May want to look into schools such as St. George’s University School of Medicine, American University of the Caribbean School of Medicine, Saba University School of Medicine, and Ross University School of Medicine. These medical schools may be more flexible with you.

Do not pin your hopes on a small list of schools just because you’re a “great candidate”. Even great candidates for med schools in the US apply to dozens of programs and are thrilled to get admitted to one or two; and many “great candidates” get accepted to zero. I’m not sure I understand why you are studying overseas if the plan is to attend a US med school??? You’ve kind of boxed yourself in… forget the finances for a minute, you just haven’t left yourself many options. Worrying about what to major in is really a tertiary concern given the roadblocks you’ve put in front of yourself…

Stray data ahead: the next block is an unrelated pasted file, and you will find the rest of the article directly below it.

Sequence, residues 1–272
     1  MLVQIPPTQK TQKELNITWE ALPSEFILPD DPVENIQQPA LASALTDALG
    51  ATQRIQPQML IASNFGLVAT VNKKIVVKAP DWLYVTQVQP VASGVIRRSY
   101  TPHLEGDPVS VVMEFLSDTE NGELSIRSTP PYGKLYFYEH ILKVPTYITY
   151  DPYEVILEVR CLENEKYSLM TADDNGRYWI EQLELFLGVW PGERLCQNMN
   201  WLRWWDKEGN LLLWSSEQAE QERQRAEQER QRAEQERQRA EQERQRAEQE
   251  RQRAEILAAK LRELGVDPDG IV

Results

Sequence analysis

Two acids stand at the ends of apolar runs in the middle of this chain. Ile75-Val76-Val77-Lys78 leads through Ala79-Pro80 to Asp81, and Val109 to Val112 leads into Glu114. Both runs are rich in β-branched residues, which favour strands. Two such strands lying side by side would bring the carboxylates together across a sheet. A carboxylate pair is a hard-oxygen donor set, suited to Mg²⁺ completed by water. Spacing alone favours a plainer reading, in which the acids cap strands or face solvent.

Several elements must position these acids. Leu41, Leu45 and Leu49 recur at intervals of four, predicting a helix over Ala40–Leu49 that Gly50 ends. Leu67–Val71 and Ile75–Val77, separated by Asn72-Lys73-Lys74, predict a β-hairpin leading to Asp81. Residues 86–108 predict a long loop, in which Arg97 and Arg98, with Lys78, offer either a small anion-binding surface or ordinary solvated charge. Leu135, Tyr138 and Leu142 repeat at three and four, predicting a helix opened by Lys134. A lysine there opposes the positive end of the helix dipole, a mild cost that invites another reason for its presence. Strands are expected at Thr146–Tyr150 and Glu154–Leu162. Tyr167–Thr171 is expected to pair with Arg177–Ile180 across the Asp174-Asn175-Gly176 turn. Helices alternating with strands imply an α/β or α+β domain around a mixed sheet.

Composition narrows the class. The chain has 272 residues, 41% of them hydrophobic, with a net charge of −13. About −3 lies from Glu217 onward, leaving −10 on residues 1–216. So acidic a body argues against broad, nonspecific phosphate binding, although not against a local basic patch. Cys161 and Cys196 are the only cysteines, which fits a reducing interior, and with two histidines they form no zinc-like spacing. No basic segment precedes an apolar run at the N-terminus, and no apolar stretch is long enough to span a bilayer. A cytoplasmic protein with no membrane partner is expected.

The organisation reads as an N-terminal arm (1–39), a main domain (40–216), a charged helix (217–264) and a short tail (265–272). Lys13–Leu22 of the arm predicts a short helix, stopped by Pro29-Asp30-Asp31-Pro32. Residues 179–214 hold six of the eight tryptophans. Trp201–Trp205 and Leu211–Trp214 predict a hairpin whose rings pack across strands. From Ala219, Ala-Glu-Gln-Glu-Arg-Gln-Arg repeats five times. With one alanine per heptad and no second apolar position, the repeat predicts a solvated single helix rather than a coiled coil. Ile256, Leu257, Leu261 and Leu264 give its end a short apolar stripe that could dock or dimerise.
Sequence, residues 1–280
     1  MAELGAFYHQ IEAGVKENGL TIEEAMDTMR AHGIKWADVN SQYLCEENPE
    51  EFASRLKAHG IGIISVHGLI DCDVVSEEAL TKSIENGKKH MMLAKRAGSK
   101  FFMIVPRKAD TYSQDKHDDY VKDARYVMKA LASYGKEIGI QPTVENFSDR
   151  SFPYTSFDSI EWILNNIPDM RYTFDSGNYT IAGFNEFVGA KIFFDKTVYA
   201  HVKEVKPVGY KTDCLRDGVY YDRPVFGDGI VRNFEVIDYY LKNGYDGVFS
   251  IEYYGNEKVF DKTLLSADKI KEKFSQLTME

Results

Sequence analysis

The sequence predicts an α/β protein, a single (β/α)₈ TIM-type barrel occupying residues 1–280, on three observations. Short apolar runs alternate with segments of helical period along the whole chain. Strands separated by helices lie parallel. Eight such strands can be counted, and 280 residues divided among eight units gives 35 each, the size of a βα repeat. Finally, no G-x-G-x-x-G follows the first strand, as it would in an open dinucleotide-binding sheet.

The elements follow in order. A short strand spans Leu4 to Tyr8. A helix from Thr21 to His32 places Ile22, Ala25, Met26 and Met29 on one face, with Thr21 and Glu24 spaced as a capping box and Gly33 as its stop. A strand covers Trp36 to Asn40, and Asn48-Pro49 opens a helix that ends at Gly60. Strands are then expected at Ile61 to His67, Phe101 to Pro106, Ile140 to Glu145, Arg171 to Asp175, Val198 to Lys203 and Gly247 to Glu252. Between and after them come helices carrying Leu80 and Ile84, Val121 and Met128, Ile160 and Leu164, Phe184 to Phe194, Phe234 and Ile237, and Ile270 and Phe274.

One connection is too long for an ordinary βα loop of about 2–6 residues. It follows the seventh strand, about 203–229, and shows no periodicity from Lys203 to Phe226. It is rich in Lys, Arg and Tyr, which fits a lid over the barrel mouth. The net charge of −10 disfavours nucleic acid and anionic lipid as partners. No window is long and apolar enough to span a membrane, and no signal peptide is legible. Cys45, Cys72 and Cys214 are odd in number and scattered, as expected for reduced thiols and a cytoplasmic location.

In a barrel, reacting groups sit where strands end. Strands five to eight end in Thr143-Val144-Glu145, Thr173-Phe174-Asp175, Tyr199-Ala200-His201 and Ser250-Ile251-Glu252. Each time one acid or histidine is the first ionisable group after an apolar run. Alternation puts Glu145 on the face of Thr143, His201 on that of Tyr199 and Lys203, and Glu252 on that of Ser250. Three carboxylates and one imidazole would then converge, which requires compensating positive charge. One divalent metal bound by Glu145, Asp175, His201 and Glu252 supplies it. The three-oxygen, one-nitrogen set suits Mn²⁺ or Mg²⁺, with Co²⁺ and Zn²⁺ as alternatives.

It’s a tough process if you’ve got a degree from a non-US college:


This student is a US citizen. Frankly, if he wants to attend a U.S. medical school, and eventually practice medicine in the U.S., it would be in his best interest to attend and receive a degree from an undergrad college here.

That way…all requisite courses would be taken here…and the degree would be from a U.S. college. Less issues.

Graduating from branches of US universities located abroad (NUS Duke Singapore, NYU Abu Dhabi or Shanghai) is not the same as graduating from the US parent university. You will still be considered as a having a foreign medical degree and face long odds in matching into a US medical residency. (Completion of a US medical residency is a requirement to get US medical license. Without a license you cannot practice medicine in the US.)